Thanks to the lady, I arrived in Gion district.

 

Gion (祇園) is a district of KyotoJapan, originally developed in the Middle Ages, in front of Yasaka Shrine. The district was built to accommodate the needs of travelers and visitors to the shrine. It eventually evolved to become one of the most exclusive and well-known geisha districts in all of Japan.

The geisha in the Gion district do not refer to themselves as geisha; instead, Gion geisha use the local term geiko. While the term geisha means “artist”, the more direct term geiko means specifically “a woman of art.”

 

a shrine I passed on Shijō-dori

a shrine I passed on Shijō-dori

For sure I dropped of in the kaban (asking directions have never been an issue with me, I’d rather talk to some strangers than die not knowing where I am). The good thing about the policemen here are, they are very polite, they are nice even to strangers (i.e. don’t run away) and they speak OK English (at least the young officers do). 

 

So I got to the maiko makeover safely. It was in the 4th floor of an business building. I saw some shop selling traditional food (swear don’t know what they are!) on the way. But then I went to get in because my appointment time is almost on. The makeover place was rather small, with one studio, one waiting room, one rather big preparation room, where there are lockers to put your clothes when you are stripped into an undergarment for kimono, and three sets of make up chairs equipped with mirrors, and a wardrobe full of colorful kimonos.

So I got into the white undergarment and wear the tabi sock (sock with thumb separated from the rest of the toes he he) and sit on the chair. The amazing thing is, none of this people speak good English, so it’s crazy. I guess the make up artist memorize some of the lines like “This is  foundation”, “Now lipstick..” and some similar steps needed to be done to the customer. But, other than that, zip. However she is very nice and I was sort of on the state of “I’m gonna do it whatever it takes”.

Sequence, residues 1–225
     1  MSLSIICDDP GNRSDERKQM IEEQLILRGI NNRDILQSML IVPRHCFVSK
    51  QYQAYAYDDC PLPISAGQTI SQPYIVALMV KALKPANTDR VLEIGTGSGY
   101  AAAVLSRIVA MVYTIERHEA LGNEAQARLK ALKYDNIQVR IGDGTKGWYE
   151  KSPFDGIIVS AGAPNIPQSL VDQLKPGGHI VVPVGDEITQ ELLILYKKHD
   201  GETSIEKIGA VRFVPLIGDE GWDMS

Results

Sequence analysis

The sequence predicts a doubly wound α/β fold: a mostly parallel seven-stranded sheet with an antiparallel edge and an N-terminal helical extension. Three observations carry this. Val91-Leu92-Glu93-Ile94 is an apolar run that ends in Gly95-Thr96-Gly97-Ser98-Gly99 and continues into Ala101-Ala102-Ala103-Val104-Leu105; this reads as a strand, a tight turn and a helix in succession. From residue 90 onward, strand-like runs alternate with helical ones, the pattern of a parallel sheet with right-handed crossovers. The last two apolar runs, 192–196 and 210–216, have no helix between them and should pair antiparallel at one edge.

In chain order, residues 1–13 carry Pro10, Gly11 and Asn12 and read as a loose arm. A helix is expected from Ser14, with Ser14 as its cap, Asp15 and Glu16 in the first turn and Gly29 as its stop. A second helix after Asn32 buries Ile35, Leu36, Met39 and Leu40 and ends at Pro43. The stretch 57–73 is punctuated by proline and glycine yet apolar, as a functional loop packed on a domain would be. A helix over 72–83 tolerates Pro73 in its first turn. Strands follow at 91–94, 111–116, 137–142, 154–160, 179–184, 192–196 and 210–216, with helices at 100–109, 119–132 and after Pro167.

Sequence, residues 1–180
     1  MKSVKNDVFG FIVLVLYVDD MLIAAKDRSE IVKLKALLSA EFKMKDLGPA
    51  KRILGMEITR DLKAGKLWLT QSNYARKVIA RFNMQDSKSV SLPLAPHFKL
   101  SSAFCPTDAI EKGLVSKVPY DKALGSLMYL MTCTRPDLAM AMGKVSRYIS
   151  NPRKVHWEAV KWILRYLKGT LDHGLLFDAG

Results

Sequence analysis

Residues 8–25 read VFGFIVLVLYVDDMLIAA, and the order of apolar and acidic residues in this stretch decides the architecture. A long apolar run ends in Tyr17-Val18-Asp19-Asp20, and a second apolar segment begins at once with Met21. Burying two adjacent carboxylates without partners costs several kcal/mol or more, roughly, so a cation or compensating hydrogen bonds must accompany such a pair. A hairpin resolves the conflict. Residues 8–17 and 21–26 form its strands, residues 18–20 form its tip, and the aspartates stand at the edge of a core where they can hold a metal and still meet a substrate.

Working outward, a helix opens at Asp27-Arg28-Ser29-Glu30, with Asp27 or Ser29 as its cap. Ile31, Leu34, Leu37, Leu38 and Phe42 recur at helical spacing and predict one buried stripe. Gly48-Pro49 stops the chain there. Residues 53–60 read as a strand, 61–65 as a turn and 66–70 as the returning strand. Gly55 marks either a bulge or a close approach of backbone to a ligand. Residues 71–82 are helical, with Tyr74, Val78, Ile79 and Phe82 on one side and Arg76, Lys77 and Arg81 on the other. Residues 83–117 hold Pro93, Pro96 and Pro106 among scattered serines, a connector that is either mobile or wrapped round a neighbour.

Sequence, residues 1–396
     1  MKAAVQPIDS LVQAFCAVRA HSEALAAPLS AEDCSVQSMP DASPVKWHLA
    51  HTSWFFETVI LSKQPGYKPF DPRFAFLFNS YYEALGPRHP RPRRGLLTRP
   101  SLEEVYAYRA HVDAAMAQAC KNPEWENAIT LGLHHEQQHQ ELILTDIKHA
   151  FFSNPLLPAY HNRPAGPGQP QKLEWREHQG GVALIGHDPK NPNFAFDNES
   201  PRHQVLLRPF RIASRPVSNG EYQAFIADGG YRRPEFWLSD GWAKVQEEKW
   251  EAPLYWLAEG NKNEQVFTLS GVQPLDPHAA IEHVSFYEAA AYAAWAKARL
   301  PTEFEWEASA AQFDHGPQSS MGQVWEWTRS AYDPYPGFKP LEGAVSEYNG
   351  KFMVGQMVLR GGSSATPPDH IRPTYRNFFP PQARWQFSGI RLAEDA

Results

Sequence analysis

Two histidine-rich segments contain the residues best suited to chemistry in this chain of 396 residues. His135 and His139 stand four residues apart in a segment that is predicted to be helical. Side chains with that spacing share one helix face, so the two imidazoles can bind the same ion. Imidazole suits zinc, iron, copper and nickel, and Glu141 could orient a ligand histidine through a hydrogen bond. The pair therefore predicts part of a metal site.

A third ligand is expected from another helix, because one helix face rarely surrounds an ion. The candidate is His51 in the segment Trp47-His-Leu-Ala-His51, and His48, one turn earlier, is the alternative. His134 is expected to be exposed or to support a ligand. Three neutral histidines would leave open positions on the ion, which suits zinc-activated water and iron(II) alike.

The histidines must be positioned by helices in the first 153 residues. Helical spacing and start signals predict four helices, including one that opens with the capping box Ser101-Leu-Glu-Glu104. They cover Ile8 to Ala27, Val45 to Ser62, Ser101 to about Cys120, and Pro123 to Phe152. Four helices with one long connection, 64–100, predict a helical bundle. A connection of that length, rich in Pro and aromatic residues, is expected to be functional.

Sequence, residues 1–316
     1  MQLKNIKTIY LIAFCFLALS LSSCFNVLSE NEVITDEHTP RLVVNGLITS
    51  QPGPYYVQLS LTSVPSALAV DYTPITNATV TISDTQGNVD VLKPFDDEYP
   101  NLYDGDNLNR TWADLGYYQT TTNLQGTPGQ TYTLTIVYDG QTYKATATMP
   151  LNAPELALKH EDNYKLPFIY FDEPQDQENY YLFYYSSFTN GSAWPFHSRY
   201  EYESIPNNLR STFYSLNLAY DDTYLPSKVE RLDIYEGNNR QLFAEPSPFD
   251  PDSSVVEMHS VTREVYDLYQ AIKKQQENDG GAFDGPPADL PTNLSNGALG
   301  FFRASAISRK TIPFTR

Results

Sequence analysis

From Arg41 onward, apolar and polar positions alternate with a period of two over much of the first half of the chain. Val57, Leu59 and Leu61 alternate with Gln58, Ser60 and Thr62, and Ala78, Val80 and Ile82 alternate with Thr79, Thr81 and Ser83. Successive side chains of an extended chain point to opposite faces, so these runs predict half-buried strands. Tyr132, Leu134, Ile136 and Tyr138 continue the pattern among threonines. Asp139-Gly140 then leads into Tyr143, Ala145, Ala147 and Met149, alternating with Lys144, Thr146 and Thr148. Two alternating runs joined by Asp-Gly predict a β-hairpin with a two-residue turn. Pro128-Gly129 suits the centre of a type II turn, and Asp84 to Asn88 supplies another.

Metamorphose 

 

 

 

 

                                                          HENSHIN !!!

pose pasrah menanti tamu

pose pasrah menanti tamu

smile of a geiko

smile of a geiko

The whole process of making over took about 1 hour, and the photography session is probably 20 minutes. Then, the whole make up was torn down in about 10 mins. He he. And all of the sudden I was 10,000 yen poorer.

Can’t say that I’m totally satisfied with the whole thing ( especially because they canceled the photograph session outside in the streets of Gion because of the constant rain). I guess I just have to come back (why do I keep saying this ?)

After that, my journey was a bit at ease. The rain still went on, but I got my 1,000 yen umbrella (from Fujisawa), and I got my shopping mood on. Kyoto turned out to be a lot more artsy craftsy than Tokyo (or was I looking in all the wrong places?), but true, I got most of my souvenirs from yesterday’s trip to Kinkaku-ji. Last night I got some counting of the souvenirs that we have to bring (in Indonesia we have the tradition to bring back something from the place that you visit). So I was visit the little shops along the street of Shijō-dori, had a lot of fun, and bought some souvenirs.

They aren’t that expensive (I managed to stop converting from Yen to Rupiah to save myself from heart attack), and they are all so full of arts… traditional sakura, rabbits, or dragon flies print fabrics was made into purses, lady wallets, cellphone straps and scarf. I almost bought everything.

There was one really lovely store called Chiri-men, highly recommended. The prices weren’t all that cheap (even in Japanese standard), but they have i-will-kill-to-have cute earrings made of kimono fabrics, and hina dolls, and i-wonder-why-there-are-people-who-are-dilligent-enough-to-make tiny fabric vegetables and mini woven basket, and sushi and tiny sized bento for the sushi. I almost fainted! 

Managed to buy only 4 vegetables (they’re to kawaii not to have), several pairs of earrings for my family and myself (spent so much today!). And run away…

 

Heavenly Macha Ice Cream

Heavenly Macha Ice Cream